Apart from Yoshimitsu and Heihachi Mishima, there are many crossovers between Tekken and the Soul series, such as King's mask available for custom characters in Soulcalibur III, and Ivy's hairstyle for Anna in Tekken 5. Yoshimitsu and Heihachi, being originally Tekken characters, obtained many new moves when brought to the Soul series. In later Tekken games, some of these attacks were added to their moves lists.


The Tekken series uses separate buttons for right and left limbs, resulting in four buttons. Other trademarks include throw escapes, and starting from Tekken 2, autoblock. Each iteration was improved upon both graphically and technically. Tekken 3 introduced the ability to move into the foreground or away from the background, commonly referred to as "sidestepping." Also, Tekken 3 reduced recovery time after being knocked down then previous games and each game afterwards include rolls to recover instantly after hitting the ground; allowing the player to get back into the fight instead of pounding buttons. Tekken 4 gave characters even greater mobility by adding true 3D movement while simultaneously including geometrically complex arenas with unleveled ground, obstacles, and walls. This differed from previous Tekken games, where all of the arenas were level and contained no boundaries, meaning the player could walk forward or backward without limit. Tekken 5 saw the return of both walled and infinite arenas, with the fluid mobility of Tekken 4 being toned down to appease many players who felt it made the game more focused on evasion. Tekken Tag Tournament, released between Tekken 3 and Tekken 4, is not a part of the Tekken storyline. The game allowed each player to control one of the two selected fighters, who could be tagged in and out of the fight by the additional fifth button, which can be used for tag team attacks and juggles, amongst other tactics. Otherwise, Tag Tournament used much of the Tekken 3 gameplay engine and reintroduced characters who weren't available since Tekken 2.


By default, there are two rounds of combat. However, the players have a choice from one to five rounds, as well as options for the time limit of each round. If the winning character retains all his or her health without the time limit expiring, the announcer will call, "Perfect!" If the winning character is near knock out, the announcer will call, "Great!" It is possible that both characters can be knocked out simultaneously, and the announcer will call "Double K.O." If the time limit for the round expires, the character with more health will be declared the winner. If both players have equal health remaining, the round will be a draw. In other cases, the announcer will call "K.O." when one character is triumphant or "Double K.O." when both opponents have been knocked out simultaneously. Double K.O. results in a loss for the player in Arcade mode.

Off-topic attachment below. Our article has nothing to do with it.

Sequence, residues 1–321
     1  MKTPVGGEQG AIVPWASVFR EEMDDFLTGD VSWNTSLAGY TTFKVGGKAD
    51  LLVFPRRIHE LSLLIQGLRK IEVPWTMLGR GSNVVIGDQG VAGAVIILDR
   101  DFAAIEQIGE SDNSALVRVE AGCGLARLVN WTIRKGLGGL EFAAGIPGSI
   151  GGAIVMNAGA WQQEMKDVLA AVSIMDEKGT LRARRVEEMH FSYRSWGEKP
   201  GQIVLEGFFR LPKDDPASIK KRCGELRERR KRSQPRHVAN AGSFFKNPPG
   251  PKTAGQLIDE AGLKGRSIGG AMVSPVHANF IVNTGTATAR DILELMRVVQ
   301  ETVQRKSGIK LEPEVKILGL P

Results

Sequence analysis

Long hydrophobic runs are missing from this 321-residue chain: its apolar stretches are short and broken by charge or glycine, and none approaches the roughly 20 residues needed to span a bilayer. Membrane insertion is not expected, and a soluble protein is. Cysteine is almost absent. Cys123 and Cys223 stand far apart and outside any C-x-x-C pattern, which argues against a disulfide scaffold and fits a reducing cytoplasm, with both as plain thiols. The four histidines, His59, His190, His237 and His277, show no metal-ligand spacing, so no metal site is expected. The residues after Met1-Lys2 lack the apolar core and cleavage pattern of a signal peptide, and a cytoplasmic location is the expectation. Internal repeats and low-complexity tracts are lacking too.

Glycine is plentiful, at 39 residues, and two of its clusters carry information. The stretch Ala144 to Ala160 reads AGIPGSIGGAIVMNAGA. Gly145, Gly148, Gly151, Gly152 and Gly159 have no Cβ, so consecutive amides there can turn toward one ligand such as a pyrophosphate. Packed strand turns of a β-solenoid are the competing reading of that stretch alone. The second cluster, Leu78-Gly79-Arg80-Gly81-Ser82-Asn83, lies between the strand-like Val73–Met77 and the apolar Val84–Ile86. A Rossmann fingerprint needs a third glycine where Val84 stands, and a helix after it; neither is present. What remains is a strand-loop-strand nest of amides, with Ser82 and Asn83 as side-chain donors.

Tekken is notable and praised for depicting its characters with visual flair and style. Players can choose from a diverse cast that hails from a variety of ethnic backgrounds and fighting styles. A few characters have supernatural origin, such as Devil and Ogre, while others like Roger Jr. and Kuma provide comic relief. In the story mode of the game, each character generally has their own personal reasons for entering the tournament and competing for the prize. When a player selects a character, completion of the game would assume that particular character won the tournament and their ending is shown, hence there are multiple endings depending on which character is chosen by the player. The plot of subsequent games in the series, however, assumes only one of the endings to be correct. The overarching plot of the series revolves around the Mishima family (Heihachi, Kazuya, Jin, Jinpachi, and most recently Lars), who together are the only characters to host and win the tournaments canonically in the series so far. Paul Phoenix, Nina Williams, Yoshimitsu and Heihachi Mishima are the only characters to have been playable in every Tekken game so far.

1 Unlockable character.
2 Appears as alternate costume for another character.
3 Mentioned briefly in-game.
4 Makes a cameo in-game.
5 Appears as a customization for another character.
6 Unplayable boss character.
7 Available only in a specific version of the game.

Character Tekken Tekken 2 Tekken 3 Tekken Tag Tournament Tekken 4 Tekken 5 Tekken 5: Dark Resurrection Tekken 6 Tekken 6: Bloodline Rebellion
Alisa Bosconovitch
Anna Williams
Armor King
Armor King
Asuka Kazama
Baek Doo San
Bruce Irvin
Bryan Fury
Christie Monteiro
Craig Marduk
Devil Jin
Dr. Boskonovitch
Eddy Gordo
Feng Wei
Forest Law
Gun Jack
Heihachi Mishima
Jin Kazama
Jinpachi Mishima
Julia Chang
Jun Kazama
Kazuya Mishima
Lars Alexandersson
Lee Chaolan
Lei Wulong
Ling Xiaoyu
Marshall Law
Michelle Chang
Miguel Caballero Rojo
Miharu Hirano
Nina Williams
Paul Phoenix
Prototype Jack
Roger Jr.
Sergei Dragunov